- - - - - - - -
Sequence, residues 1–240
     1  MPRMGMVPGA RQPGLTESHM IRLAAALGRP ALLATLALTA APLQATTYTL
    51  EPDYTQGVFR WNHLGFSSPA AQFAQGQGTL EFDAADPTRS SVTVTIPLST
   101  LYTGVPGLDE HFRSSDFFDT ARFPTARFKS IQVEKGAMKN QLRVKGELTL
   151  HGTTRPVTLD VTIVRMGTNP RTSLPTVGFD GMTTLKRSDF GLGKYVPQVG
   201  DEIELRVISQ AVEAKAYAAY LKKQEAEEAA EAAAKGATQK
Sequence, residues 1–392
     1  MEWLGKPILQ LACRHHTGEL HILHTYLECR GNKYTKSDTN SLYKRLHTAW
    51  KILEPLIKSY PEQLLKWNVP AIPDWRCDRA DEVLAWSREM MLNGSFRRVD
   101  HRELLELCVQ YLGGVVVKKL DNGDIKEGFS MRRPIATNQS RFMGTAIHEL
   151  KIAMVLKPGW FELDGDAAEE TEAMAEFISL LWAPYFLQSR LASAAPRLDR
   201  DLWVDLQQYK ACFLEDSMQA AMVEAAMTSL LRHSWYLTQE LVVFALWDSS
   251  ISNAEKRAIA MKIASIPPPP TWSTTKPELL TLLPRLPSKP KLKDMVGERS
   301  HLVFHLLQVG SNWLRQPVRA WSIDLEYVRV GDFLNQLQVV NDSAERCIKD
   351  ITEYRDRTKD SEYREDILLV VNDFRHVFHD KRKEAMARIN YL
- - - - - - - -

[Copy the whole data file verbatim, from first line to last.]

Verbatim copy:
Sequence, residues 1–240
     1  MPRMGMVPGA RQPGLTESHM IRLAAALGRP ALLATLALTA APLQATTYTL
    51  EPDYTQGVFR WNHLGFSSPA AQFAQGQGTL EFDAADPTRS SVTVTIPLST
   101  LYTGVPGLDE HFRSSDFFDT ARFPTARFKS IQVEKGAMKN QLRVKGELTL
   151  HGTTRPVTLD VTIVRMGTNP RTSLPTVGFD GMTTLKRSDF GLGKYVPQVG
   201  DEIELRVISQ AVEAKAYAAY LKKQEAEEAA EAAAKGATQK
Sequence, residues 1–392
     1  MEWLGKPILQ LACRHHTGEL HILHTYLECR GNKYTKSDTN SLYKRLHTAW
    51  KILEPLIKSY PEQLLKWNVP AIPDWRCDRA DEVLAWSREM MLNGSFRRVD
   101  HRELLELCVQ YLGGVVVKKL DNGDIKEGFS MRRPIATNQS RFMGTAIHEL
   151  KIAMVLKPGW FELDGDAAEE TEAMAEFISL LWAPYFLQSR LASAAPRLDR
   201  DLWVDLQQYK ACFLEDSMQA AMVEAAMTSL LRHSWYLTQE LVVFALWDSS
   251  ISNAEKRAIA MKIASIPPPP TWSTTKPELL TLLPRLPSKP KLKDMVGERS
   301  HLVFHLLQVG SNWLRQPVRA WSIDLEYVRV GDFLNQLQVV NDSAERCIKD
   351  ITEYRDRTKD SEYREDILLV VNDFRHVFHD KRKEAMARIN YL